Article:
HGS divested its healthcare business, which is approximately 53% of its total book of business to a diversified Asian private equity entity late July. The divesture means that HGS will focus its attention on its consumer experience (CX) and digital services and make bold investments with the $1.2 Billion proceeds it will gain from the divesture.
HGS healthcare has the making of a hidden gem to address complex healthcare challenges
The healthcare services portfolio at HGS is a mix of technologies, analytics, and BPO. A portfolio that was strengthened with strategic acquisitions of Colibrium, a health plan focused integrated software solution, AxisPoint, a digital health entity with a whole person care focus, and revenue cycle management assets from Deloitte.
HGS also attracted talent that brought both healthcare industry expertise and emerging technology experience, particularly around smart analytics. This allowed them to expand into areas such as population health management and develop insights from social determinants of health to craft proprietary measurements like the “Impactability” index that shines a light on gaps of care and propensity to engage for the geriatric cohorts.
The solutioning approach is fairly standard, consulting-led, and discovery-driven to understand the issues at hand before developing solutions. This approach has allowed HGS to focus on outcomes through bundled solutions, avoiding the BPO trap of transactional services.
Divestiture translates in loss of a differentiator but increases focus
Divesting the healthcare business takes away one of its key differentiators from its contact center pure-play peers: true industry-specific capabilities. This has been an element that HFS has encouraged HGS to replicate in its other verticals. However, HGS may be opting to forgo this industry-focused strategy to double down on its digital CX strategy. This move is likely aimed at continued expansion on its significant investments in “Smart Solutions” and Cognitive Cloud Contact center which we’ve followed closely.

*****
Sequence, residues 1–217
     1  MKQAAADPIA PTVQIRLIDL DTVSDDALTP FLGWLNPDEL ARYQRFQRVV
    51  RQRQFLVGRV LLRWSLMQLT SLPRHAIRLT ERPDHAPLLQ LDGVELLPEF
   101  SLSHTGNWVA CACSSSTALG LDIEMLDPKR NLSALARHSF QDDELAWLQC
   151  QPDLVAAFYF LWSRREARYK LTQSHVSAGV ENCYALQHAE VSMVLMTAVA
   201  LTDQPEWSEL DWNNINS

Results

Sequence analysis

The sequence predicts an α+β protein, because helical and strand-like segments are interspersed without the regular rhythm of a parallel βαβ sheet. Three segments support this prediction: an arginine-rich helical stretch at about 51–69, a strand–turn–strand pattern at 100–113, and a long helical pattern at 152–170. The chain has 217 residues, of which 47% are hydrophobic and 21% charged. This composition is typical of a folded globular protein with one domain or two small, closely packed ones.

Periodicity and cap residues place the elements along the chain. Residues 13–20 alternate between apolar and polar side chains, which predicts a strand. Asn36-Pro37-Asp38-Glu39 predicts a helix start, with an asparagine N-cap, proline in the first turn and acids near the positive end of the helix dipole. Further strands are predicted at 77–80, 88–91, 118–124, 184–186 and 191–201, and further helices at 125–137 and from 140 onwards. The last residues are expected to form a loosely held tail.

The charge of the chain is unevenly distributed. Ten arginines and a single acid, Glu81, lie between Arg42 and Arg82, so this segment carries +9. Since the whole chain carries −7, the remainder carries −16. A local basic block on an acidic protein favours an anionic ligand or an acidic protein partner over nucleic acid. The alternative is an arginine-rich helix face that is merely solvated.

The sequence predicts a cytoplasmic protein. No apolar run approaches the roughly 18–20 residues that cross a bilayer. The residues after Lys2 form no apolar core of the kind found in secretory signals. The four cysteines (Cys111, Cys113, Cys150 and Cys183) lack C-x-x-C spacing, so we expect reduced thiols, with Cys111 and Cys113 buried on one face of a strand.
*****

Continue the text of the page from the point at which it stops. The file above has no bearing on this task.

The Bottom Line: This is a bold decision to walk away from an exciting and growing segment of the market with proceeds from a high-value asset to invest in other growth areas core to its horizontal capabilities.
To make the best of this decision, HGS needs to carefully streamline its strategy in line with client needs. They will need to ensure consistent articulation of their message and value proposition, as “Digital CX” is a crowded space where it’s very hard to differentiate. Until now, HGS’ advantage has been the flexible and nimble approach that clients appreciate — now, its “traditional” CX business and its digital service line need to become tightly integrated for clients to take advantage of both sides of the house.